In a blog post, Environmental Protection Agency (EPA) head Gina McCarthy described the law as the first major update to an environmental statute in 20 years (emphasis McCarthy’s).


“TSCA was intended to be one of our nation’s foundational environmental laws. In terms of its potential for positive impact, it should have ranked right alongside the Clean Water Act and the Clean Air Act, which, since the 70’s, have dramatically improved water quality and helped clean up 70 percent of our nation’s air pollution. But it hasn’t….Forty years after TSCA was enacted, there are still tens of thousands of chemicals on the market that have never been evaluated for safety, because TSCA didn’t require it.”


The original Toxic Substances Control Act, signed by President Gerald Ford in October 1976, was intended to provide the EPA:


Authority to require reporting, record-keeping and testing requirements, and restrictions relating to chemical substances and/or mixtures. Certain substances are generally excluded from TSCA, including, among others, food, drugs, cosmetics and pesticides.


Prior to its passage, the EPA’s deputy administrator, John R. Quarles testified in 1975 specifically about the risks perceived in chemicals including vinyl chloride, fluorocarbon, bischloromethylether (BCME), polybrominated biphenyls (PBBs), and polychlorinated biphenyls (PCBs), saying these chemicals “point to the inadequacy of our present approach to controlling toxic substances.” At the time, Quarles said that every year about 600 new chemical compounds were introduced in the United States for commercial use.


William Carteaux, president and CEO of SPI: The Plastics Industry Trade Association, thanked President Obama for signing the bill into law.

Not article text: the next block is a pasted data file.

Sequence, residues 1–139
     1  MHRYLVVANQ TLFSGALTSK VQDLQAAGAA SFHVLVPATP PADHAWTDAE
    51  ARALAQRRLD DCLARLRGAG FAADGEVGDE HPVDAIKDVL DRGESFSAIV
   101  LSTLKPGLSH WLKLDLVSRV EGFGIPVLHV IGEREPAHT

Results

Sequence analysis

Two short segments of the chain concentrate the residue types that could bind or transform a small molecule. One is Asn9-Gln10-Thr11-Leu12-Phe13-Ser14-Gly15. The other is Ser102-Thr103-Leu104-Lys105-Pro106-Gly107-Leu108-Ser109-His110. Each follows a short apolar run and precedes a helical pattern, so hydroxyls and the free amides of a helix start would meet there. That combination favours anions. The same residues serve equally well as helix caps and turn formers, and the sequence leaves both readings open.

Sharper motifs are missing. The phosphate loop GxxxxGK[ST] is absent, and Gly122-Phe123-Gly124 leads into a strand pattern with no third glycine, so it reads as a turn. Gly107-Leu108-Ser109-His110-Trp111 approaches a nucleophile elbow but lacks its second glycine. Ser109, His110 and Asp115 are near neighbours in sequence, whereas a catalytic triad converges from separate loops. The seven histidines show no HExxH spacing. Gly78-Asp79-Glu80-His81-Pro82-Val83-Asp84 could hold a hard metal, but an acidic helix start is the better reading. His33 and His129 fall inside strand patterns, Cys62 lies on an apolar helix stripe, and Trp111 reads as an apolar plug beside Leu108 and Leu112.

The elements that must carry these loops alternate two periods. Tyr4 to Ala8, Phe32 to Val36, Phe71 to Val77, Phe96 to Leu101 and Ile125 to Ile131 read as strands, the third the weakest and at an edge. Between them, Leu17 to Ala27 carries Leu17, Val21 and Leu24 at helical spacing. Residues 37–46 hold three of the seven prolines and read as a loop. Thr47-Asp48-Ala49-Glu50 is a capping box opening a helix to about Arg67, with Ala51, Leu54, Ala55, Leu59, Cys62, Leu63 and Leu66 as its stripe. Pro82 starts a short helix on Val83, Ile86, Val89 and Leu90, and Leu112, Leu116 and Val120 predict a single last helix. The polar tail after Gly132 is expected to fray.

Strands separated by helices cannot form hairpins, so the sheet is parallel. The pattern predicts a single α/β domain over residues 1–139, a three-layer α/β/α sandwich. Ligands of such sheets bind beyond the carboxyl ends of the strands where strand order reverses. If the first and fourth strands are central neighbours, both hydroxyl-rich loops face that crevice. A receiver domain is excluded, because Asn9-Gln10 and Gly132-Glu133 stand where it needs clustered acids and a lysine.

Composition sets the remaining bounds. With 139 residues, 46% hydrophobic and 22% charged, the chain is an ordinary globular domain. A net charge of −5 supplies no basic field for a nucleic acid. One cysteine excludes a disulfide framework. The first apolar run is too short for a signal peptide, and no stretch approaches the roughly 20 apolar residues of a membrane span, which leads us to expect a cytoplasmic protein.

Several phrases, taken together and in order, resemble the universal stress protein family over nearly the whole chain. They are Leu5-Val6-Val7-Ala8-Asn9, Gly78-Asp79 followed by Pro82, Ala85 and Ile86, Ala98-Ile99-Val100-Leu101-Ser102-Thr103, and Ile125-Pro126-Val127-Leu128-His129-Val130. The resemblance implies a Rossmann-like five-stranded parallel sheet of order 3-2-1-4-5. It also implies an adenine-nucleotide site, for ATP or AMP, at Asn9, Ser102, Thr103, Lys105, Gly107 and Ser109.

The U.S. plastics industry thanks President Barack Obama for signing this vital piece of legislation. H.R. 2576 delivers a much-needed update to the nation’s chemical regulatory infrastructure and ensures that businesses in the plastics industry can continue to meet the needs of consumers by manufacturing the safest, strongest and most technologically advanced products and materials in the world.


Andy Igrejas, the director of Safer Chemicals, Healthy Families—a coalition of health, environmental, labor and business organizations—noted the importance of the bill’s passage but also noted its perceived limitations.


President Obama’s signature on this bill marks both the end of a long process, and the beginning of a new chapter as the EPA puts its new authority to work. The chemical backlog is enormous. It's vital that EPA starts strong and extracts the maximum public health benefits possible from the new law. Because of the limitations in this bill, however, it will also be crucial that the growing demand for safer chemicals continue across society, from state and local governments, retailers, manufacturers and informed consumers.


Cal Dooley, president and CEO of the American Chemistry Council, praised the bill’s passage, noting the ACC’s long-running interest in the reform.